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Here's exactly what those Baby on Board stickers mean.

Are ‘Baby on Board’ stickers on cars any use for emergency services?

What are their purpose and when should they be removed?

Relatives gave me a diamond-shaped black and gold suction sign that reads “Cutie on Board” that we’ve put on the back window of our car.

The reason I use it is that it makes me feel like people are aware I have a little human inside my car but it is often there when he isn’t.

Some parents think the stickers help emergency services in the case of an accident but NSW police say that’s not the case.

“The sign is not for emergency services, but more of a notice to other drivers. Anyone using these signs must ensure they are not obstructing the driver’s view,” a NSW Police spokesperson told Mamamia.

It seems emergency services departments across the country use their own protocols and don’t officially use the stickers as a tool for first responders.

Julie-Anne Newman, Acting Sergeant from Victoria Police, says the stickers are not reliable for indicating injured small passengers in a car accident.

“If police were to sight a sticker such as ‘Baby on Board’ when attending a collision scene, they may keep this in mind however – in the first instance information would be gleaned from the scene, from victims, from witnesses and from police enquiries,” she told Mamamia.

What is the purpose of a baby on board sign? Image via iStock.
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"A sticker indicating a baby on board could not be relied upon as there would be many variables to consider."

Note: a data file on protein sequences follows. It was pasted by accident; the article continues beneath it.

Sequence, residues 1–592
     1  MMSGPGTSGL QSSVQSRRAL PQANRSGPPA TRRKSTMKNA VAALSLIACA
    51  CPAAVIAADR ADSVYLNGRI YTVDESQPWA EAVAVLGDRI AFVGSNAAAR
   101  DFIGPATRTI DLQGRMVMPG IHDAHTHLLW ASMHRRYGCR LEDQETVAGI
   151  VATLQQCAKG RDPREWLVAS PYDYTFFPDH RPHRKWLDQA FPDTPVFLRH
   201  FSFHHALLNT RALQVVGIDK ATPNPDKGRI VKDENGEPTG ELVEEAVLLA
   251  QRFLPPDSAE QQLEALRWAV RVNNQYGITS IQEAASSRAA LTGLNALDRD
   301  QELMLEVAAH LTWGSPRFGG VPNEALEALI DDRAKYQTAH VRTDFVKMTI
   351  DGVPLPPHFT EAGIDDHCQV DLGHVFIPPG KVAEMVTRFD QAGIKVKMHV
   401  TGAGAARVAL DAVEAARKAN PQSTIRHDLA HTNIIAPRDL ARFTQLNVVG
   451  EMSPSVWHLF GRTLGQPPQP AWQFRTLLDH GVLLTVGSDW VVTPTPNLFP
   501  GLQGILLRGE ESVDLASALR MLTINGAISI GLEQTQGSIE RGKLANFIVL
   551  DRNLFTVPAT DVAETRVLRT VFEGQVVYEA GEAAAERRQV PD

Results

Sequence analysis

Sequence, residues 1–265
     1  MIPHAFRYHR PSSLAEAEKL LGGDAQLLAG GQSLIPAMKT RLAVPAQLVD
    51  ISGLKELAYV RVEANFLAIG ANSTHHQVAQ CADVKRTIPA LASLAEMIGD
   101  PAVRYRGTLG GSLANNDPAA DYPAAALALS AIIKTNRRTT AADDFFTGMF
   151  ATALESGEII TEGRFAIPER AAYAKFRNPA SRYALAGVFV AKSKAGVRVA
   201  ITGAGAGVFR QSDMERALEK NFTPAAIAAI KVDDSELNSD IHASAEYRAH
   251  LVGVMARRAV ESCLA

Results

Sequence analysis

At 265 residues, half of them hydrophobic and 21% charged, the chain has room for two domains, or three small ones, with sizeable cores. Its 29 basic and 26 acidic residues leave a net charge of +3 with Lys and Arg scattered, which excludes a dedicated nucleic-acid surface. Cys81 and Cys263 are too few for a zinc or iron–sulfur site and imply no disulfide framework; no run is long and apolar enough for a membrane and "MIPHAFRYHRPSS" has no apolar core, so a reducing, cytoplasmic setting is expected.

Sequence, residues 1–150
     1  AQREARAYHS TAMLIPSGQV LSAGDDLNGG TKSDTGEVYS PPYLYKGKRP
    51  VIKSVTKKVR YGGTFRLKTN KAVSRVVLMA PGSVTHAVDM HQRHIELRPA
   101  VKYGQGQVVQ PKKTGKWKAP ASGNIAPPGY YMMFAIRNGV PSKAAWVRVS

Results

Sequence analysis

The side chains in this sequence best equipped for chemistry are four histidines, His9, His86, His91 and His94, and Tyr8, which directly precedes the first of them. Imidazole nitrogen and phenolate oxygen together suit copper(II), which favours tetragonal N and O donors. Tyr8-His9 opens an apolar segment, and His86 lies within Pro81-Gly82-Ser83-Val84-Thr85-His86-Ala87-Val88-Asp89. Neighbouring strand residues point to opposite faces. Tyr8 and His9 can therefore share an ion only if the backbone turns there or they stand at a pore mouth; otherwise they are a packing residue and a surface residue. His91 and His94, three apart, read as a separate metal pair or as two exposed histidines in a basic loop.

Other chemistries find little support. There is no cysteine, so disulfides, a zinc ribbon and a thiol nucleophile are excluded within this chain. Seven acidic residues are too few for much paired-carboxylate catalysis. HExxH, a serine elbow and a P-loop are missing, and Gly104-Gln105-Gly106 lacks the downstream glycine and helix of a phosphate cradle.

A NSW Ambulance spokesperson said the stickers had "no significance" in the case of an accident.

"They are not relevant to how NSW Ambulance responds to medical emergencies involving motor vehicles," they said.

Other emergency services said they look for other indicators that passengers are in the car.

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"Emergency Services first responders (be they paramedics or fire fighters) are trained to look for all sorts of indications as to who may or may not have been in a vehicle that has been involved in an accident," a spokesperson for ACT Fire & Rescue and ACT Ambulance said.

"For example, a child seat, baby capsule, a pram, a bag full of nappies, bottles etc can all be indicators that there was potentially a small child involved in the collision.

"A 'Baby on Board' sign or sticker would definitely also be taken into consideration if it was spotted at the scene of an accident but, given people’s propensity to put them on cars and leave them there, regardless of whether a child is actually in the car at the time, it would certainly not be the only thing our first responders look for," they added.

Some parents, like me, stick a "Baby on Board" sign on their car in the hope that other drivers will be more careful and less likely to tailgate or drive recklessly.

It is an opportunity, like baby on board badges on public transport, for people to be more mindful of precious cargo.

A new Aussie badge for pregnant women on public transport. Image via Baby in belly.
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However, some parents think the stickers should warn other drivers about tired parents.

"I used to think that they were announcing that an innocent young life was at stake, so please drive accordingly," said Ed Williams, a commenter on a US newspaper, The Mercury News.

"Now that I have had children, I think they might be a warning that a sleep-deprived, deranged and dangerous parent could be at the wheel, so look out," he added.

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